That night there were so many fireworks (besides the normal big ones there were hundred of the little ones that can be picked up in Tijuana) that I thought that the Russians were trying to retake Vilna . . . the chickens next door were freaking out as well.

The choir eating malava malka
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My Menorah of Kelishkas -aint it Chassidish? Posted by Picasa


We went to Kovno with the choir Sunday morning . . . on the way stopping off at Trakai Castle

On the ice Posted by Picasa

And IX Fort . . . the place of destruction for most of Kovno’s Jews; over 30,000 people –may G-d avenge their blood!

The Death Gate Posted by Picasa

The Kovno deportations Posted by Picasa

The memorial Posted by Picasa

The slobadka dorm Posted by Picasa

An old building in Kovno Posted by Picasa

The Choral synogauge Posted by Picasa

In the shul Posted by Picasa

snow in kovno
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Kovner Yidden
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By the lighting I met many people who remembered me from my Seder in Kovno.

all the cameras that the Choir members gave me to use for them
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Chazan Yehuda Rotner Posted by Picasa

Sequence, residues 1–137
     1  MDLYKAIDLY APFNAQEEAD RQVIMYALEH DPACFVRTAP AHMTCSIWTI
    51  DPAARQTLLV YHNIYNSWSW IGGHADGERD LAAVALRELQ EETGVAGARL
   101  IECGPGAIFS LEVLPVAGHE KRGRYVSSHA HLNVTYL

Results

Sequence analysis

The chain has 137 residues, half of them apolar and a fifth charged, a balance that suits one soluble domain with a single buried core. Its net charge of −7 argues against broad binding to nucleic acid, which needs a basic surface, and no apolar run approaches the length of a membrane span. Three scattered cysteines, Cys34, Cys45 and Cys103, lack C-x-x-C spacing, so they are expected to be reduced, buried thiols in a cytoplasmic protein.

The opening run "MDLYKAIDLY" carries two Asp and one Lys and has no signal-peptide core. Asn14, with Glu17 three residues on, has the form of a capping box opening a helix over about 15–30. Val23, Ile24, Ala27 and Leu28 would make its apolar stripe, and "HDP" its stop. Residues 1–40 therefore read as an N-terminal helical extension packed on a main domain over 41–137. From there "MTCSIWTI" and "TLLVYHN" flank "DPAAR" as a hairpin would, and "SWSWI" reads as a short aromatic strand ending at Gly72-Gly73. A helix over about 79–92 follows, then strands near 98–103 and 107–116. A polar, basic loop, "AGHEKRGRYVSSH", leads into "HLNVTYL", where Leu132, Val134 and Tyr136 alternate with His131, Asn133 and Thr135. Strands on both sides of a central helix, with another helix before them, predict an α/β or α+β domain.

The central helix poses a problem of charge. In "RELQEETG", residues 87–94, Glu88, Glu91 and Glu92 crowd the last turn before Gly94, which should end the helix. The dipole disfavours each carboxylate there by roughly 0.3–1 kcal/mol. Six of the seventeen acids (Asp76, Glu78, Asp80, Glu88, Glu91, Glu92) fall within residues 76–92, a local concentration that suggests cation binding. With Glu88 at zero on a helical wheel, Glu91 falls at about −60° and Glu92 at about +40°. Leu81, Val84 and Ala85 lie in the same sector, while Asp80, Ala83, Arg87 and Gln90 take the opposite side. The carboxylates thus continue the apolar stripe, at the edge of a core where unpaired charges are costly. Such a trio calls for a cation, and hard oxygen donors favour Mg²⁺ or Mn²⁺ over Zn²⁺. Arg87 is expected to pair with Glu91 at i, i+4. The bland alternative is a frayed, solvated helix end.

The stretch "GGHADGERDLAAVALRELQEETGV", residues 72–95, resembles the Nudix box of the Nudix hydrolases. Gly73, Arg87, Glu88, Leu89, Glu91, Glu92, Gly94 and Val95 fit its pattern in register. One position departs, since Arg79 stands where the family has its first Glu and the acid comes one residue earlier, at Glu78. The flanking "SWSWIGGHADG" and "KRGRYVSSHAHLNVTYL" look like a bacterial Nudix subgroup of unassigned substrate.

Back in the Chabad house one of the singers slipped and broke his arm . . . may he have refuah shliema!

When we got back the Rabbi told us that the cherry picker downtown was fixed, and that as soon as the operator woke (and sobered) up his wife would call us to light the candles. By 1:00 we gave up waiting and went to sleep.

VILNA Monday:

I know I’ve been cheep on words for the second half of the article . . . it’s darn late here . . . so don’t expect a change for the rest.

The Gra's (Vilna Goan) Kever Posted by Picasa

Reb Chaim Ozer
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We also went to Panar –the forest where many of Vilna’s Jews were murdered by the Nazis and their Lithuanian helpers (May their names be blotted out!!) . . . here over 100,000 people were murdered between 70-90% of them Jews!

(For those who don’t know, the Jews of Lithuania, White Russia and Ukraine were for the most part shot into pits by Mobile Death squads (the Einsatzgruppen) not in death camps.

In Panar the Russians had dug several large pits to make oil wells, but they never finished due to the German invasion. Due to the locations close proximity to the train tracks, relative isolation, and large pits, the Germans selected it for their diabolical plans. (They also used the fact that the town had been a country retreat for many Jews as a twisted psychological calmer to their victims)

Right by the train
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Sign from both Communist and Modern Eras. The Communist sign was written only in Lithuanian and Russian and said only that 100,000 Communist citizen shad been murdered by the Facists –no mention that they were mostly Jews or that the locals helped.

Panar Posted by Picasa

Monday night I went shopping with Zalmen, and who do we see in the mall other then the Rabbi and his wife!

busted Posted by Picasa

A good-bye treat
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Zalmen ( shirt), Levi (middle) and Kalmen Krinsky

We got on the bus at 11:00 and made our way back to Warsaw . . .